Make Your Office a Shade Greener

Duke offers resources to help employees take steps toward a sustainable workplace

From recycling to limiting energy use, there are easy ways to make your office greener.
From recycling to limiting energy use, there are easy ways to make your office greener.

When it comes to making your office more sustainable, it doesn’t always have to involve major steps.

At a recent “Working Sustainably” workshop, hosted by Sustainable Duke, Tani Colbert-Sangree illustrated that point with an example many can relate to.

He pointed out that, in many offices, disposable cups are stacked next to a coffee machine while reusable mugs are stashed away in a cabinet. Colbert-Sangree suggested that reversing the locations – making reusable mugs more accessible – might help make an office just a shade greener.

“Sometimes you just have to make the sustainable choice the easier choice,” said Colbert-Sangree, program coordinator with Duke Carbon Offsets Initiative.

Here are three easy ways to help make your office a more sustainable one.

Explore recycling options

Workshop attendee Timothy Fields, an operations coordinator with Duke Medicine Global, wants to recycle. But the placement of bins in his office makes it inconvenient. There’s a bin solely for paper, but the nearest recycling bin for everything else is in a breakroom.

“Yet every cubicle has a trash can,” Fields said.

There’s a way to remedy this.

Duke Facilities Management, which handles recycling for the university, offers a mini-bin program that provides individual offices and cubicles with smaller, adjoining recycling and trash bins that can be emptied into larger, centrally located bins elsewhere in the building.

For more information, call 919-660-1448.

If your office isn’t able to take part in the mini-bin program, contact Sustainable Duke to explore other options.

Plug into energy-saving opportunities

Lauren Babineau didn’t have to walk far to get to the sustainability workshop in Perkins Library. But being outside in the hot sun for a little longer would likely be fine for the staff assistant in Romance Studies. Due to air conditioning, her workspace in the Languages Building is in the midst of a perpetual cold snap.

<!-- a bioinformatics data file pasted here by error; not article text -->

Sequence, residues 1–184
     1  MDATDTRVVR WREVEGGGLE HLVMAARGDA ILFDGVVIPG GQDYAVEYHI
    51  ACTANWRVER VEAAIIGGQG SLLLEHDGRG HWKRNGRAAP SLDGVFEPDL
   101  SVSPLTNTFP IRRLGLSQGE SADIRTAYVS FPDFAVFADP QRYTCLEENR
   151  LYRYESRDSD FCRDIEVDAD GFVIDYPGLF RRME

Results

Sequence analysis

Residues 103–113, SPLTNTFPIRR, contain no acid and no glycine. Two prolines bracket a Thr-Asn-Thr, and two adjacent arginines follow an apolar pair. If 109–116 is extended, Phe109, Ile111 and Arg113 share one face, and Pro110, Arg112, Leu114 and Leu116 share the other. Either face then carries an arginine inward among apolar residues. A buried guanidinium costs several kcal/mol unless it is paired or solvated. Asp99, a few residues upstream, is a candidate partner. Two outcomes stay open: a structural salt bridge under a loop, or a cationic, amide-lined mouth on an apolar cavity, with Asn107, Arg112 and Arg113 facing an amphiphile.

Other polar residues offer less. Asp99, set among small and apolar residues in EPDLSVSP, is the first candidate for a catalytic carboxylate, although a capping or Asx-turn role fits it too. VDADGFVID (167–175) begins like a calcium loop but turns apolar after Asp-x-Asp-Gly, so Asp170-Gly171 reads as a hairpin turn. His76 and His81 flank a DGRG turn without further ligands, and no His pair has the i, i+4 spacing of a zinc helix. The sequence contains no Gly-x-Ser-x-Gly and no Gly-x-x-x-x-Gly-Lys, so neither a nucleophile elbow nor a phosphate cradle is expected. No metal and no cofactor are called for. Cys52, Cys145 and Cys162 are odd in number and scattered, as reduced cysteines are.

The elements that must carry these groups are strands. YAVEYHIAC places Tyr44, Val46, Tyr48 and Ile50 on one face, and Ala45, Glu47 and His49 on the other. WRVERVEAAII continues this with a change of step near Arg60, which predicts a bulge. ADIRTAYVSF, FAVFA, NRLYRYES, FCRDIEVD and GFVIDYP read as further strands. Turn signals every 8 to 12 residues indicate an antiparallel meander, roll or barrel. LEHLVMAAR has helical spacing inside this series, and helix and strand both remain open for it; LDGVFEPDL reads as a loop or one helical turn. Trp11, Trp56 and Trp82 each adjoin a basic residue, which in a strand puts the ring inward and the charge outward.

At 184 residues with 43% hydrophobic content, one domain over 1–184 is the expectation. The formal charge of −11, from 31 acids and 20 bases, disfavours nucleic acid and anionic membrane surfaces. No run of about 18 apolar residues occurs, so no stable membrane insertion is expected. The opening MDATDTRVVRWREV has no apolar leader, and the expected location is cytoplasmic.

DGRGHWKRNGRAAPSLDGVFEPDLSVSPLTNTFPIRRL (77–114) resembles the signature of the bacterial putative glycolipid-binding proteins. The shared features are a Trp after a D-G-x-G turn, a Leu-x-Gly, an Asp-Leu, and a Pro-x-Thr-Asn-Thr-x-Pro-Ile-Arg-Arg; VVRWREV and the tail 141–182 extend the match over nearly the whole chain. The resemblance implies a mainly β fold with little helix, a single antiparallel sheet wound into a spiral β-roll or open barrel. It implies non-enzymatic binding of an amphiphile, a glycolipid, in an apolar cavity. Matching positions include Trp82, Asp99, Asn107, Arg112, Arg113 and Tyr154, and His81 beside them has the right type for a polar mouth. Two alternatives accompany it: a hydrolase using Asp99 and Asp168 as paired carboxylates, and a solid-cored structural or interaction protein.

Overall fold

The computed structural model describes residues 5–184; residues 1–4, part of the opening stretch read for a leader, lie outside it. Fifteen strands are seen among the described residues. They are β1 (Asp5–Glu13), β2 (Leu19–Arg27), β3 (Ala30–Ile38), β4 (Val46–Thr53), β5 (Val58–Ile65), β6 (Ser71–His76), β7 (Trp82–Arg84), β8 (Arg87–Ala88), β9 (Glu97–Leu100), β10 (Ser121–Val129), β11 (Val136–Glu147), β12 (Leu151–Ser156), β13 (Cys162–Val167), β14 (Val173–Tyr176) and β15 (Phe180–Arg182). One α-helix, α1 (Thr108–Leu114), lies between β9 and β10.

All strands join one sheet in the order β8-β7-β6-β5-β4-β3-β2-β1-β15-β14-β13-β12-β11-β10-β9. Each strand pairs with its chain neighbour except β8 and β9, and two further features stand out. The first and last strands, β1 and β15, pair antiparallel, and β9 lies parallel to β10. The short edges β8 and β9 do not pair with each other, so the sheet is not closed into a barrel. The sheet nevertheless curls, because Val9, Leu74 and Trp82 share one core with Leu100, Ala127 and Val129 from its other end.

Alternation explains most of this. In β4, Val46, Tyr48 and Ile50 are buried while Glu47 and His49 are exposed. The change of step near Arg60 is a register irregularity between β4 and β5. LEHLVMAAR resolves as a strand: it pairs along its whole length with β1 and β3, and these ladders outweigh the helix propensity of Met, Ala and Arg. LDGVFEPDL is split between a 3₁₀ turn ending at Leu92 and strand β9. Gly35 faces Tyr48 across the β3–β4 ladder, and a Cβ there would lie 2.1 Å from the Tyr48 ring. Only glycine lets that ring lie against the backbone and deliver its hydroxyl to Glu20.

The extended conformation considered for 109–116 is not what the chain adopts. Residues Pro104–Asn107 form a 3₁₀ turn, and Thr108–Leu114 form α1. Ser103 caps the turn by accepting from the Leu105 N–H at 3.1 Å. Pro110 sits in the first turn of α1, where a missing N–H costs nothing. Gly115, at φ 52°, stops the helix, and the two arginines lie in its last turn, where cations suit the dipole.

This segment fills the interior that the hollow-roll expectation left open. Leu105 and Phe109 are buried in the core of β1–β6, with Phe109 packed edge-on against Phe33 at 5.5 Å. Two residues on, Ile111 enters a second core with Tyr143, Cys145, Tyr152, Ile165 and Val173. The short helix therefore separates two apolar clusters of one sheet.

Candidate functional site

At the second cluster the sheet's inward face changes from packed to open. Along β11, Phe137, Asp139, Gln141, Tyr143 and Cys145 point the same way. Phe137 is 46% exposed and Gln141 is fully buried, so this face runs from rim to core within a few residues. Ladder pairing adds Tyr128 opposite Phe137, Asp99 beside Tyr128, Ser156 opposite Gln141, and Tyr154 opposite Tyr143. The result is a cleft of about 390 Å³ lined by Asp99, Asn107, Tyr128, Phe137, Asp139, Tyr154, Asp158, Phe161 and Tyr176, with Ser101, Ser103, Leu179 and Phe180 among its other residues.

“I basically have a blanket in my office,” Babineau said.

Aside from the chill, Babineau worries about the energy cost.

For employees who are concerned about energy efficiency, there are resources available.

For an immediate problem – like a leaking faucet or artic air conditioning – Duke University employees can contact Duke Facilities Management through its customer service line at 919-684-2122 or request assistance online.

“If there are problems in a building, folks should definitely report them,” said Casey Collins, energy manager with Duke Facilities Management. “… If we know how many, and where, people are being affected, it helps us narrow down the problem.”

A more thorough energy efficiency check for campus areas can be requested on a departmental level.

“We are certainly available to discuss energy-saving opportunities, water-saving opportunities in buildings and we will help where we can,” Collins said.

Service requests for medical buildings (except Levine Science Research Center) can be reported to (919) 684-3232 or click here.

Get your office certified

If your office is ready to make the biggest step toward reducing its environmental footprint, it can shoot for Duke Green Workplace Certification. The process involves attending a sustainability workshop and completing at least 40 of the 58 items on a checklist supplied by Sustainable Duke.

There are 76 workplaces – covering 2,543 employees – that have completed the Duke Green Workplace Certification requirements.

The Duke Forest office became certified in 2016.

“I just wanted to get more acquainted with how we could be more efficient,” said Duke Forest administrative assistant Beverly Burgess, who helped initiate the office’s certification process.

As part of the certification, the staff found ways to print less, recycle more and become more energy efficient in the way it uses computers and lights.

Events now feature recycled plastic cups and 42 percent of subscribers to the Duke Forest newsletter now take it by email.

“It’s just making yourself do it,” Burgess said. “There are extra steps you have to take, but when you think about it, those extra steps save a lot.”